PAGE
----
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The blurry lines of negotiation ethics: when "puffing" becomes misrepresentation

In-house counsel may unknowingly break the law

Assume that you are conducting negotiations on a supply contract with a customer. You and your business partner are engaged with your in-house counterpart and her business partner. During a break in the negotiations, your partner tells you that important cost data developed and used by the customer to establish its position on price is incorrect and permits your company to extract a higher price. Your partner mockingly states that the error is obvious but wants to make sure that you do not tip the customer off to their error.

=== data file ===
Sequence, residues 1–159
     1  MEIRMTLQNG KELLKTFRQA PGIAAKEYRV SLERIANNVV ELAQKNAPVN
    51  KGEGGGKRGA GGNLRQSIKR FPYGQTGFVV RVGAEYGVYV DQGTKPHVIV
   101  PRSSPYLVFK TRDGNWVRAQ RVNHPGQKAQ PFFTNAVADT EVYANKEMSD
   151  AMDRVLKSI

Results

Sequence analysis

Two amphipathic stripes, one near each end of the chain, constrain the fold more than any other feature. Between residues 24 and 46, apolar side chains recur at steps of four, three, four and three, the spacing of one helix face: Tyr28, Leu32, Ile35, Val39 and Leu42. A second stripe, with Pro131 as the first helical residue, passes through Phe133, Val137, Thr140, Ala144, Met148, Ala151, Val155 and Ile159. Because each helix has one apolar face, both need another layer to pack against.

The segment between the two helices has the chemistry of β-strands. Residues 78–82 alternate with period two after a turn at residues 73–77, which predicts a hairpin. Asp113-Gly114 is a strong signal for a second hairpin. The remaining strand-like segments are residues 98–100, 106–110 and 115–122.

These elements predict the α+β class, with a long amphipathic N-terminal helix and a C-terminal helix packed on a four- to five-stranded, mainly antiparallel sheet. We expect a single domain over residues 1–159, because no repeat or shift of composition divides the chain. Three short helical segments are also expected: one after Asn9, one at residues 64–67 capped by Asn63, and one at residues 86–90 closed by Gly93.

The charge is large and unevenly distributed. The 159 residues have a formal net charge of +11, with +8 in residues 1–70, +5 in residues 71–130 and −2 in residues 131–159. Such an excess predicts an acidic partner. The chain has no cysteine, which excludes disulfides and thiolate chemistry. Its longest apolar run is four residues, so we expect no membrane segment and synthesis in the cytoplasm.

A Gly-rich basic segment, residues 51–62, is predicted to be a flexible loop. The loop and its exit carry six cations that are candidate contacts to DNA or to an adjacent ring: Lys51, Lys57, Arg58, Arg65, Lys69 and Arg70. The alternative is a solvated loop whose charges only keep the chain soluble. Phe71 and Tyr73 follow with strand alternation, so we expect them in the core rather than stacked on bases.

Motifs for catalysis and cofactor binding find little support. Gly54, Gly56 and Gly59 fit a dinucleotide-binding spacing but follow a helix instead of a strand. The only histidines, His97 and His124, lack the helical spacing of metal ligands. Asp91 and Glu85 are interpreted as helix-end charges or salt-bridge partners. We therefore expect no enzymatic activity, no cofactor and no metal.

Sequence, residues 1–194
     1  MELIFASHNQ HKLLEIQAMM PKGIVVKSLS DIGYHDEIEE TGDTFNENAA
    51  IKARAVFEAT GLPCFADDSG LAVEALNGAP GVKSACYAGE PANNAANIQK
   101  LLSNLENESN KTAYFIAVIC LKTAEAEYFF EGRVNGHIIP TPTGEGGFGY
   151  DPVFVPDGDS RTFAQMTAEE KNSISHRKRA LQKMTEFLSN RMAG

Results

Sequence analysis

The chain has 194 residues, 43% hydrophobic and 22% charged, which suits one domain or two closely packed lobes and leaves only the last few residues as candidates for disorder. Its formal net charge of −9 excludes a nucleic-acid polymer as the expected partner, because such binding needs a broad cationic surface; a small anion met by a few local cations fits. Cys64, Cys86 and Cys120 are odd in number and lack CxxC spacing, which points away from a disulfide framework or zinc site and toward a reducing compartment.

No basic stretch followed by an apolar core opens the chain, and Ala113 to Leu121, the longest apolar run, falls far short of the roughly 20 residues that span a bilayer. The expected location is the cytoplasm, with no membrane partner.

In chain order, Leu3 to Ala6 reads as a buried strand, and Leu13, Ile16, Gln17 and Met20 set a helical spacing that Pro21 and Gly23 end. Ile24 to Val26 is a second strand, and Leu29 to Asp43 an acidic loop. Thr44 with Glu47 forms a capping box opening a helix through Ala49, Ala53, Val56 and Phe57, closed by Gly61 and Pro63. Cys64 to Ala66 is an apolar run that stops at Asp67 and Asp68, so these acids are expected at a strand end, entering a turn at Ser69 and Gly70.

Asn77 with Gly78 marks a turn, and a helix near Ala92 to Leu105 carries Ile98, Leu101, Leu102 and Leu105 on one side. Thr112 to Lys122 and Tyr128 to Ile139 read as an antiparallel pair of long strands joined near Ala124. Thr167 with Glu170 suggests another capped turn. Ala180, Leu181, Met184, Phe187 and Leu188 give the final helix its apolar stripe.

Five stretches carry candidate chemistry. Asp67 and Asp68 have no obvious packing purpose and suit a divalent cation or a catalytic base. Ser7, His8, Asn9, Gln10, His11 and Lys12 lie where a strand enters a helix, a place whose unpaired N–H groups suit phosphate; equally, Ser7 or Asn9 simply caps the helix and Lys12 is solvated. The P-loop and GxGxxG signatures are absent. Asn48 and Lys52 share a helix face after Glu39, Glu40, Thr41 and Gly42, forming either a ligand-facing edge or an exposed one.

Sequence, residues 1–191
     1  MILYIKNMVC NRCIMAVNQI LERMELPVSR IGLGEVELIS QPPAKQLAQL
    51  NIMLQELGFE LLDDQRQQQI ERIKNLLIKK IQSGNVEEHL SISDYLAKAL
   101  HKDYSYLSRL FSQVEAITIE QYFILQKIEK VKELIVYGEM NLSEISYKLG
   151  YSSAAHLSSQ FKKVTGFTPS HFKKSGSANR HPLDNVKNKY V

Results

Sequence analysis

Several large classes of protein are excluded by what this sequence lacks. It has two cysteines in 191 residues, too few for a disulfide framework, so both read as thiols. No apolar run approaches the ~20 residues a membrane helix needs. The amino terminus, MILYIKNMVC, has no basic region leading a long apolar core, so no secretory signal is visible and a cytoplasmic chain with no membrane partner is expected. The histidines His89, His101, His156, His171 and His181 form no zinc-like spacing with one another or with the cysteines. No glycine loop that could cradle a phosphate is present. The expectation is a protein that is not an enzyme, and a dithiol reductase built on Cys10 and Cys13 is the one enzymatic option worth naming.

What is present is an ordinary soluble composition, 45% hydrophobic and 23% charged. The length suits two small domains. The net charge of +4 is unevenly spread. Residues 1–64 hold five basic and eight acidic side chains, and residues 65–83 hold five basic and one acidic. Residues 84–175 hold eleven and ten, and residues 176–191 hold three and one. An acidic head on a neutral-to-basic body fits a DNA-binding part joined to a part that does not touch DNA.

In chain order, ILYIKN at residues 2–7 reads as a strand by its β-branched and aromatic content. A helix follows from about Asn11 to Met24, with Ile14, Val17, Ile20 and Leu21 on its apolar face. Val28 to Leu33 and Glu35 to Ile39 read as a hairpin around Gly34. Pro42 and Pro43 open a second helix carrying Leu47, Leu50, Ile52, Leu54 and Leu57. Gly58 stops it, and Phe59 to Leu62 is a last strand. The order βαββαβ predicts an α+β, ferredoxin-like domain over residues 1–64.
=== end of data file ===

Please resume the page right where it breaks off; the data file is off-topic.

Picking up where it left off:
When you rejoin the meeting, the customer’s in-house counsel innocently states, “Unless I’m missing something, this looks like a win-win result.” Quickly, your partner interjects that the deal looks good to him. The customer’s in-house counsel looks to you for your confirmation. Your partner readies his leg under the table for a swift kick in the event that you even pause. How do you respond?

Brian Martin

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